History of Duke and Durham Resources

Interested in learning about the historical relationship between Duke hospitals and the surrounding community? The following is a sampling of readings and resources with a focus on the history of race and health disparities at Duke and in Durham.

These suggested resources have been compiled by Dr. Jeffrey Baker, MD, Professor of Pediatrics and History, Director of the Trent Center for Bioethics, Humanities & History. 


  • Museum of Durham History
  • Historic Stagville. Stagville, the largest plantation in the piedmont of NC and home to over 900 enslaved people, was founded in the 1790s north of present-day Durham (before it existed). Historic Stagville is a 165-acre State Historic Site, entirely dedicating to teaching about the lives, culture, and labors of enslaved African Americans. Admission to the site is free. Self-guided and guided tours are available.
  • Bennett Place. Location where the Civil War ended. Tours offer insight into NC and Durham at the end of the Civil War.
  • West point on the Eno Park and Hugh Mangum Photography Museum. Reconstructed Mill, remarkable photograph collection from turn of century, illuminating lives of both Black and Whites
  • Pauli Murray Center. The Pauli Murray Center for Social Justice is a nationally significant history site, anchored by Pauli Murray’s childhood home built by her grandparents in 1898 at 906 Carroll Street in Durham, North Carolina. Learn more about virtual events and the center’s outdoor educational installation about the life of Pauli Murray and the history of the house.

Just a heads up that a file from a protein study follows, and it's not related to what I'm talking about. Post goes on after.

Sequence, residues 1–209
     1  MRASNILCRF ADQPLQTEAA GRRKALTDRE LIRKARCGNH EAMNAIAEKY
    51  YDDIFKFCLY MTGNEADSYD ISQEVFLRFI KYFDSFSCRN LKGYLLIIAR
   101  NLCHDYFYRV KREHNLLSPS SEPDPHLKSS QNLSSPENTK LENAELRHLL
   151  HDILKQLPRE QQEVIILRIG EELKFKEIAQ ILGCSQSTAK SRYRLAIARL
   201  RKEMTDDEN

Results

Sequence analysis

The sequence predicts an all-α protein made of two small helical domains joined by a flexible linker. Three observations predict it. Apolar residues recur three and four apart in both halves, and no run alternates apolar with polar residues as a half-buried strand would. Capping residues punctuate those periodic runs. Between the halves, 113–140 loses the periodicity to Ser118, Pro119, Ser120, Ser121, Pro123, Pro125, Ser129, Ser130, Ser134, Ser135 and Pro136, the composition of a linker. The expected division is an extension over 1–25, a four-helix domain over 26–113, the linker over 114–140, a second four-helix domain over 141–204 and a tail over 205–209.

• Hayti Heritage Center. The St. Joseph’s Historic Foundation/Hayti Heritage Center presents a multitude of cultural arts programs, including gallery exhibitions, dance, music series, and film festivals.
  • Duke Homestead Historic Site and Tobacco Museum. Visit the historic home, farm, and factory buildings of Washington Duke and his family. Learn more about the Dukes of Durham, special events, guided tours, and online resources.
  • Greensboro International Civil Rights Center and Museum . This site features the original lunch counter commemorating start of the sit-in movement.